Government of Tuvalu

The First Digital Nation (case study)

Agencies: The Monkeys Accenture Song


Tuvalu, a low-lying Pacific nation, is facing an impossible challenge. At the current rate of global sea level rise, the entire country will be submerged by 2050. As the ocean closes in, Tuvalu must ask: what happens to a country without land? In addition to the displacement from loss of physical land, Tuvalu faces another threat: the loss of its rights as a nation. International law currently dictates that nations need a “defined physical territory” to exist, so Tuvalu risks becoming the first country to lose its sovereignty due to climate change.

Tuvalu’s maritime boundaries, international voting rights, and voice on the world stage are all at risk. Tuvaluan Minister Simon Kofe was scheduled to speak at COP27, the UN Climate Change Conference. Though it was expected to be a typical diplomatic address to assembled delegates and reporters, Minister Kofe used the moment to unveil a radical plan for survival.

Tuvalu will become the First Digital Nation, ensuring its sovereignty and ability to govern in the face of a worst-case scenario. During his address at COP27, Minister Kofe outlined the plan, which involves gradually migrating Tuvalu's government services, culture, and history to the cloud.

This digital transformation process will allow Tuvalu to remain a functioning country even after its physical land is no more. The first step in this process is the digitization of Tuvalu's land, which will serve as a crucial component in its legal fight for a revised definition of territorial sovereignty under international law. The Digital Nation is both a plan for survival, and a provocation designed to drive urgent conversation around climate action and climate mitigation.

Tuvalu needed to direct the attention of world leaders at COP27 to its immediate concerns: funding for loss and damages caused by climate change, fossil fuel reduction, and an agreement that Tuvalu’s sovereignty would be protected, even if its land disappears. But Tuvalu had been voicing these concerns for years, and nothing had been done. It was the inaction of those same world leaders that has forced Tuvalu to plan for a future without land. Therefore, Tuvalu’s message needed to resonate with the world beyond COP27 – drawing international attention to help pressure international action. With that in mind, Tuvalu’s announcement was designed for maximum emotional impact. This is the heart-breaking last resort of a nation that’s run out of time, and options.

The initiative was launched at COP27, with a recorded address from Tuvaluan Minister Simon Kofe. On the screen, Minister Kofe appeared to address the audience from Te Afualiku, Tuvalu’s smallest island, the first part of the country that will be taken by the sea. Halfway through the speech, the island around him began to freeze and stutter, and it was revealed to be the first part of Tuvalu to be recreated digitally.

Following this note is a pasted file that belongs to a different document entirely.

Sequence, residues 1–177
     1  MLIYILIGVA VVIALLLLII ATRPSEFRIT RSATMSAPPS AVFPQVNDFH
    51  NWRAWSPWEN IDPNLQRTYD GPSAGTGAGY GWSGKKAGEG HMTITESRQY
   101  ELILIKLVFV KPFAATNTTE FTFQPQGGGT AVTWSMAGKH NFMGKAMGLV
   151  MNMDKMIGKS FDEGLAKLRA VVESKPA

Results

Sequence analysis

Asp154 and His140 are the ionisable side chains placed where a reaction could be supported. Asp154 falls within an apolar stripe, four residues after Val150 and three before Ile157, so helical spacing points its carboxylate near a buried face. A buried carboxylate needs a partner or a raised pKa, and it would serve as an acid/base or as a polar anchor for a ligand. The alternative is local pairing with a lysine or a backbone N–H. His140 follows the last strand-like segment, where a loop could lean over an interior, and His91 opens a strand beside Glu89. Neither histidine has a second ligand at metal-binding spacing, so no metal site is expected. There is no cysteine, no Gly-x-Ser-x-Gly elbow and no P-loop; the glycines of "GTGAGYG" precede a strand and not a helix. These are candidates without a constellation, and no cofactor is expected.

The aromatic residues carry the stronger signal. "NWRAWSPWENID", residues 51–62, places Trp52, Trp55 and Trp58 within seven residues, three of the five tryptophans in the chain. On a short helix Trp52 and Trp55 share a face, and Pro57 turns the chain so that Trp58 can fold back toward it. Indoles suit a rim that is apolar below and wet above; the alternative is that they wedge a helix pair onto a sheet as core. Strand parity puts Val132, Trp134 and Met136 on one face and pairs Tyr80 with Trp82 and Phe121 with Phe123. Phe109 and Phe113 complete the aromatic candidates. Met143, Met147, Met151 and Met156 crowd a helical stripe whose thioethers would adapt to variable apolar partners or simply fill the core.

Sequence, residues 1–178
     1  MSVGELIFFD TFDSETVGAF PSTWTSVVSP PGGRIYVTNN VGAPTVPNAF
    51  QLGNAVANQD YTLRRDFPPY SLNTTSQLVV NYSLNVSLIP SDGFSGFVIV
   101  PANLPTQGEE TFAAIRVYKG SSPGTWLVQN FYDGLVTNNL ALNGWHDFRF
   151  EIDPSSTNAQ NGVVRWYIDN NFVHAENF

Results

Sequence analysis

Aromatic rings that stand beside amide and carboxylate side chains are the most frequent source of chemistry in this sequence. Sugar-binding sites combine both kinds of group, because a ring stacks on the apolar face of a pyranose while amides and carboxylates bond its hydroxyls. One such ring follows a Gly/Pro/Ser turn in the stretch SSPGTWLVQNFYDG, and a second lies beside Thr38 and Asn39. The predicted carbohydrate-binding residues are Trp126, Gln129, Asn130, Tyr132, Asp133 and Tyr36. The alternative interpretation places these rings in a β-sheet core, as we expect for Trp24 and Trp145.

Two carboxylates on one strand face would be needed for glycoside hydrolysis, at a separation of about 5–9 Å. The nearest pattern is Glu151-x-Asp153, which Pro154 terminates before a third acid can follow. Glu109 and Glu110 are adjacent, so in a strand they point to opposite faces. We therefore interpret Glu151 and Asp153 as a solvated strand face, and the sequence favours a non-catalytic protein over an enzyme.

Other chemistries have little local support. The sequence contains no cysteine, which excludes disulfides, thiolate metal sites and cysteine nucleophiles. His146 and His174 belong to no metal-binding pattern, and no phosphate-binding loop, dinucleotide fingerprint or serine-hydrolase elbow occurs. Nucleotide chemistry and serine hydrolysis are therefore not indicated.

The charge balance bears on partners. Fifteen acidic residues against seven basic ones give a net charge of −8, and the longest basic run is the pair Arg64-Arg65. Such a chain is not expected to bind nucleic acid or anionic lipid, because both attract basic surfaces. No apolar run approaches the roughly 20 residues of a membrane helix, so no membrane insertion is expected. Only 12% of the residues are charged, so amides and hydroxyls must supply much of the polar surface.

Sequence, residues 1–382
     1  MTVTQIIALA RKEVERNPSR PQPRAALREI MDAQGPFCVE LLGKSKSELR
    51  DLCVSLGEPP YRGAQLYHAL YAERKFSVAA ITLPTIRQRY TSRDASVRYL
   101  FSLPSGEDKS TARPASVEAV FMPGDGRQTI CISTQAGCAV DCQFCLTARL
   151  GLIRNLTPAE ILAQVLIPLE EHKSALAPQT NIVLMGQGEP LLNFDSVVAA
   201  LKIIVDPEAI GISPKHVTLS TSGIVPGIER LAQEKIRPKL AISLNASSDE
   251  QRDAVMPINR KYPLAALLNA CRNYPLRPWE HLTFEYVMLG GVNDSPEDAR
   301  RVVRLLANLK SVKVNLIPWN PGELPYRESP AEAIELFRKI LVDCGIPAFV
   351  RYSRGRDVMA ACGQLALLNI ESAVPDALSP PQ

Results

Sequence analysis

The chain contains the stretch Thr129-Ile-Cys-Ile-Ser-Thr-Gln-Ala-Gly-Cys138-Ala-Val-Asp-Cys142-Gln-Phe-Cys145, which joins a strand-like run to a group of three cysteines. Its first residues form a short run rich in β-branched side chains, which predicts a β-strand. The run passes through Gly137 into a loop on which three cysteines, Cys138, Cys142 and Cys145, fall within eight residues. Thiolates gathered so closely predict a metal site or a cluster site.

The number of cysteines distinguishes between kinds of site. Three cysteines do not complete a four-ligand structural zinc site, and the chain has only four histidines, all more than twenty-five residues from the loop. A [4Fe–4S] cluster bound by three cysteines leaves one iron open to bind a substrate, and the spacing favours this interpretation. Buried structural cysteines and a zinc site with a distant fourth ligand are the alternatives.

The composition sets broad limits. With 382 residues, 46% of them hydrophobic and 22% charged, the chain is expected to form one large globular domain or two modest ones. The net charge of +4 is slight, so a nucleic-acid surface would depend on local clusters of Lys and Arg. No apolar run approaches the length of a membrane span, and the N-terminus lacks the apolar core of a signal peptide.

With a $0 media budget, the project’s launch reached 2.1 billion people. It was covered by 359 global publications, including The New York Times and The Guardian, and trended on TikTok and Twitter. The website received global traffic from 160 countries, 118 in less than 48 hours. This reach turned to action when, days after the announcement, a historic Loss and Damage Fund for nations like Tuvalu was established at COP27. Most importantly, nine nations have agreed to officially recognise Tuvalu’s digital statehood – creating a pathway to sovereignty, that would secure Tuvalu’s maritime boundaries, international voting rights, and place on the world stage.

This professional campaign titled 'The First Digital Nation (case study)' was published in Tuvalu in June, 2023. It was created for the brand: Government of Tuvalu, by ad agencies: Accenture Song and The Monkeys. This Digital, Direct, and Integrated media campaign is related to the Hospitality, Tourism, Public Interest, and Public Utility industries and contains 1 media asset. It was submitted 12 months ago by LLLLITL.


Brand: The Government of Tuvalu.
Advertising Agency: The Monkeys (Accenture Song), Sydney (Australia).
Production Company: Collider.
PR and Communications: Thrive PR + Communications.

The Monkeys
Group CEO and Co-Founder: Mark Green.
Group Chief Creative Officer and Co-Founder: Scott Nowell.
Chief Creative Officer: Tara Ford.
Executive Creative Director: Barbara Humphries.
Head of Innovation: Beth O'Brien.
Creative Director: Cameron Bell, Sam Dickson.
Senior Art Director: Alex Polglase.
Senior Copywriter: Jake Ausburn.
Head of Production: Penny Brown.
Digital Producer: Tamara Wohl.
Digital Design Lead: Eva Godeny.
Head of Planning: Hugh Munro.
General Manager: Kezia Quinn.
Tech Lead: Surya Winata.
React Developer: Jasmin The, Steve Deng.

Director: Glenn Stewart.
EP/Producer: Karen Bryson.
Managing Director: Rachael Ford-Davies.
3D Animation: Glenn Stewart.
Additional Vfx: JOSEPH HARPER.
Colourist: Matt Fezz.

Thrive PR + Communications
Chief Executive Officer: Leliani Abels.
Senior Account Director: Nathan McGregor.
Senior Account Manager: Tess McDonald, Anna Laskaris.
Senior Account Executive: Maddy Beck.
Account Coordinator: Sarah Nguyen, Sophie Thomason.

Audio Creative Director: Ryan Dickinson.
Composer: Haydn Walker.
Executive Producer: Kat Aquilla.
Sound Designer: Simon Kane.


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